To achieve focal zooming, we create two beams, imprint a different pulse shape on each, and then combine them. An optical splitter creates the two beams. One follows the standard optical line, while the other passes through its own set of pulse-shaping optics. Using another optical splitter, the two beams are then recombined, effectively constructing a pulse consisting of two parts, each with independently adjustable on-target focal size, pulse width, and time of arrival. In initial tests,5 we created a 4ns pulse in which the on-target focus was 1.3mm for the first 2.4ns and 0.28mm for the final 2ns with 0.4ns of temporal overlap. A time-integrated focal plane image is shown in Figure 1. A streak camera was used to observe the time evolution of a narrow slice of the light emerging from the rear surface of the target, effectively tracking the beam diameter as it changes in time. Figure 2 shows this image, where the vertical axis is the diameter and the horizontal axis is time.

Figure 1. A time-integrated focal plane equivalent image of the 4ns pulse taken in the low-energy end of the laser is shown. At this location, the beam diameter of the first 2.4ns is 9mm (red) and the diameter of the final 2ns is 2mm (yellow).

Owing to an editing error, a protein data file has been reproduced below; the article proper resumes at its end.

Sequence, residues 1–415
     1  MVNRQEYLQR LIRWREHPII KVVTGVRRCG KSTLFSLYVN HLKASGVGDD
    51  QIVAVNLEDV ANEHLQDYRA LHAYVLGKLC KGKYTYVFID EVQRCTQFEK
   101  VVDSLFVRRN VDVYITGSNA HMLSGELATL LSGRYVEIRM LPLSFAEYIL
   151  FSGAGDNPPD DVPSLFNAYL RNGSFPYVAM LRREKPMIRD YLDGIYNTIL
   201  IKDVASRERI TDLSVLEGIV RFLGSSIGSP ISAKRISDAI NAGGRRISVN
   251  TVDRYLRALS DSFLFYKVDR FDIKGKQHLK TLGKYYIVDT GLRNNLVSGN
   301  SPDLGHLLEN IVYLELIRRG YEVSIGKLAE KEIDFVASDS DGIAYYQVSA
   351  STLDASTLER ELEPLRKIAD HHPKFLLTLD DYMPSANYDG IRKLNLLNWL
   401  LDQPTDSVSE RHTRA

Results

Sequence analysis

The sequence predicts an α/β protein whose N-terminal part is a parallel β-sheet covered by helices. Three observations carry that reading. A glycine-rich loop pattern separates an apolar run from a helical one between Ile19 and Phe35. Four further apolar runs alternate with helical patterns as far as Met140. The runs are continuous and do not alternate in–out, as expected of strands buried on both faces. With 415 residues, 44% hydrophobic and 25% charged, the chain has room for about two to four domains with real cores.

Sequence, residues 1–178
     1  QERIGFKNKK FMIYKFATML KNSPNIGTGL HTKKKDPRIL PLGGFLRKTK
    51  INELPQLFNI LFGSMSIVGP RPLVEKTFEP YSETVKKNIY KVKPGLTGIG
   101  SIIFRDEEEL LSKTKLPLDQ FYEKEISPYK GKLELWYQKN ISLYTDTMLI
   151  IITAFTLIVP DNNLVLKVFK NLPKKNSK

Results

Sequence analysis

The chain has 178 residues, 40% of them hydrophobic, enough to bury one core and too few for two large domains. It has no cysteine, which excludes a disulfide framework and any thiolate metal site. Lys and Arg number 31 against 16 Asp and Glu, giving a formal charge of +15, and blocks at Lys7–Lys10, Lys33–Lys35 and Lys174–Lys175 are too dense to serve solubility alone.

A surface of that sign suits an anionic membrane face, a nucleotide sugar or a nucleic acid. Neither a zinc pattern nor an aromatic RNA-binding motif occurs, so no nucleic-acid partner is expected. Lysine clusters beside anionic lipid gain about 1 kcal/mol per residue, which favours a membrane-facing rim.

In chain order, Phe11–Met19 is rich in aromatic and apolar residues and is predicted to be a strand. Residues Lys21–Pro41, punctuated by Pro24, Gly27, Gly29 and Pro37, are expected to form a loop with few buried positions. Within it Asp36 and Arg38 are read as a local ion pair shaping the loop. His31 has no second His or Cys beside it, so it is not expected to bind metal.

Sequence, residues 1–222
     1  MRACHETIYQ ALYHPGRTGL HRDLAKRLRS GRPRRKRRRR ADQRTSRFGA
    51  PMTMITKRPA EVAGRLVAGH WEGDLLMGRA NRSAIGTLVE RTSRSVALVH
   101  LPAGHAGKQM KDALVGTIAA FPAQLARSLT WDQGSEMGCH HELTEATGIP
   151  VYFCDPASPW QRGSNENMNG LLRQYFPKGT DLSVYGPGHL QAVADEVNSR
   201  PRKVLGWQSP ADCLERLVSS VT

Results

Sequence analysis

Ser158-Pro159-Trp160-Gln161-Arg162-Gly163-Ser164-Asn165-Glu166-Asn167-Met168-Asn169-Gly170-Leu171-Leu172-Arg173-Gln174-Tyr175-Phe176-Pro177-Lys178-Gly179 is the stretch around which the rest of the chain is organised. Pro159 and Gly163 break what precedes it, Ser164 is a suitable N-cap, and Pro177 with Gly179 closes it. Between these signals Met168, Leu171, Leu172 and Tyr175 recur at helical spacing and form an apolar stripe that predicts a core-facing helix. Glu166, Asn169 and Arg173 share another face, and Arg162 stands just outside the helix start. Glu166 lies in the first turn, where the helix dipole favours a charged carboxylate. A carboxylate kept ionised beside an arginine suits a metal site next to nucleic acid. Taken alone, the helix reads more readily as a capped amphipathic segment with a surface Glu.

Figure 2. A time-varying image of a slice of the laser-generated light emerging from the rear surface of a plastic target is shown. At time t < 0, pre-pulse effects are visible. For 0 < t < 3ns, notice the large spot effects. At t > 3ns, see the small spot effects.

In summary, to make the generation of electrical power via laser fusion a reality, it is essential to maximize the efficiency of the laser energy target coupling. We have successfully implemented and demonstrated an inexpensive and flexible method of focal zooming that allows the laser spot size to stepwise track the size of an imploding pellet. In the future, we plan to use this system to construct more advanced pulse shapes required by experiments and diagnostics, and improve the tuning of the zoomed beam properties.

David Kehne
Naval Research Laboratory
Washington, DC

The author received his PhD in electrical engineering from the University of Maryland in 1992. Specializing in electron guns and accelerators, he worked at the Thomas Jefferson National Accelerator Facility and FM Technologies until 2001, when he became manager of the Nike KrF laser located at the Naval Research Laboratory.